The First Art Newspaper on the Net   Established in 1996 United States Saturday, August 19, 2017

Ancient species of giant sloth that lived 10,000 years ago discovered in Mexico

This undated handout photog released on August 16, 2017 by Mexico's National Institute of Anthropology (INAH) shows what it is supposed to be the skull of a new species and genus of giant sloth that dates between 10647 and 10305 A.C. found in the bottom of a deep cenote in Quintana Roo, Mexico. HO / INAH / AFP.

MEXICO CITY (AFP).- Mexican scientists said Wednesday they have discovered the fossilized remains of a previously unknown species of giant sloth that lived 10,000 years ago and died at the bottom of a sinkhole. The Pleistocene-era remains were found in 2010, but were so deep inside the water-filled sinkhole that researchers were only gradually able to piece together what they were, the National Institute of Anthropology and History (INAH) said in announcing the find. Scientists have so far hauled up the skull, jawbone, and a mixed bag of vertebrae, ribs claws and other bones, but the rest of the skeleton remains some 50 meters (165 feet) under water, the INAH said. Researchers are planning to bring up the rest by next year to continue studying the find -- including to estimate how big the animal was. ... More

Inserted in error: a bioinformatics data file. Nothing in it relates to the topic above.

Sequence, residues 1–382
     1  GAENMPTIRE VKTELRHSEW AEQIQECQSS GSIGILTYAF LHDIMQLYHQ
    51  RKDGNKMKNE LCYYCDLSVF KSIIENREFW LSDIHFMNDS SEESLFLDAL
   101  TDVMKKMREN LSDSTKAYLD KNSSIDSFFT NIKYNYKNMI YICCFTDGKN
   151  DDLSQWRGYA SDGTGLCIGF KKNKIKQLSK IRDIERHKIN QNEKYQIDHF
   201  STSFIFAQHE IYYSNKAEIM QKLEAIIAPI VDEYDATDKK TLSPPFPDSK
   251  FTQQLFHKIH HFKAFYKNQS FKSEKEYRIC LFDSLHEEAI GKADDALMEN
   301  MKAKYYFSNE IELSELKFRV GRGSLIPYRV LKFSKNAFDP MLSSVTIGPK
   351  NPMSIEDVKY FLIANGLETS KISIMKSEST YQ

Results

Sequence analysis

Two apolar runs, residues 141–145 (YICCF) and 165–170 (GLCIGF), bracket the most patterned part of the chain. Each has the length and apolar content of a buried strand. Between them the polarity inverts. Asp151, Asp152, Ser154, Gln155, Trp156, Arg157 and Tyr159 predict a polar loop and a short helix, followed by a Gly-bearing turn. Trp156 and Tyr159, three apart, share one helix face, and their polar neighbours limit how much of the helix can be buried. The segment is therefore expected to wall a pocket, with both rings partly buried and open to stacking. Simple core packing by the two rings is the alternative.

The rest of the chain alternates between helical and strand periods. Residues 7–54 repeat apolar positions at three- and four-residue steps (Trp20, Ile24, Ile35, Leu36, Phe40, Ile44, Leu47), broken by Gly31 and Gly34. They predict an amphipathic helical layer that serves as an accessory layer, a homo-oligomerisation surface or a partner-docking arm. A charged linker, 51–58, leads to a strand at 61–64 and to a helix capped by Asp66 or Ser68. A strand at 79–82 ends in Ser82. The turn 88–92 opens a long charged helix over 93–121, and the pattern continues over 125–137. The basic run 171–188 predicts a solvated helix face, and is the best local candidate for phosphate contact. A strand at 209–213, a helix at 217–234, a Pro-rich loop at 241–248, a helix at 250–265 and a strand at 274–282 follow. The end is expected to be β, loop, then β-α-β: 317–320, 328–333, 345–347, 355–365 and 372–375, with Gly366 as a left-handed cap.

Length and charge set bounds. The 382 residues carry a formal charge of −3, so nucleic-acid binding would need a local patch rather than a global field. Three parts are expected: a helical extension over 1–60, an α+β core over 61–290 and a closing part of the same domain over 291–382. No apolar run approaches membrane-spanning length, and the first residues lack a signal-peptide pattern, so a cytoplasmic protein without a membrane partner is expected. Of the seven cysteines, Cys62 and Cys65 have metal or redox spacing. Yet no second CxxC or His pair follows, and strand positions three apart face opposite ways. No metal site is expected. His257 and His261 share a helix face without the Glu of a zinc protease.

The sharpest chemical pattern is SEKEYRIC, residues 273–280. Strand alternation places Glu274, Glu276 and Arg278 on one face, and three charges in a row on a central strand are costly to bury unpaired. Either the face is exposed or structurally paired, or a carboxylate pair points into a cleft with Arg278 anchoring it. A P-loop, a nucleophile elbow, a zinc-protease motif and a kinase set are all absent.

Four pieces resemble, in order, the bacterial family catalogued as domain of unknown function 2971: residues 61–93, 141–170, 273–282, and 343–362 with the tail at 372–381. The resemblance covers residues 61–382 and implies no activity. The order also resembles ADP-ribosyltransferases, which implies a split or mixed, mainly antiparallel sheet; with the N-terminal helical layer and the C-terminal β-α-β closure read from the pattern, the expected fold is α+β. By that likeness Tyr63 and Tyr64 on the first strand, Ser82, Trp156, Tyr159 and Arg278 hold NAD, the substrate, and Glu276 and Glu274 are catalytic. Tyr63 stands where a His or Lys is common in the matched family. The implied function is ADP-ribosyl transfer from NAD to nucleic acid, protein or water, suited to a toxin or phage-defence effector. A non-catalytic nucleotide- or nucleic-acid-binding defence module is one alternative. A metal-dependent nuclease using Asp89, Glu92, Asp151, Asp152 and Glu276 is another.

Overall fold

The Best Photos of the Day

Blanton Museum of Ar acquires trove of Leon Polk Smith   Sotheby's integrates contemporary Latin American art into its New York Contemporary Art Sales   Exhibition at The Belvedere traces the impact of Maria Theresa's cultural commitment

Leon Polk Smith (Chickasha, OK, 1906 – New York City, 1996), Untitled, 1954. Collage, 25 3/4 x 19 3/4 in. Blanton Museum of Art, The University of Texas at Austin, Gift of the Leon Polk Smith Foundation, 2017.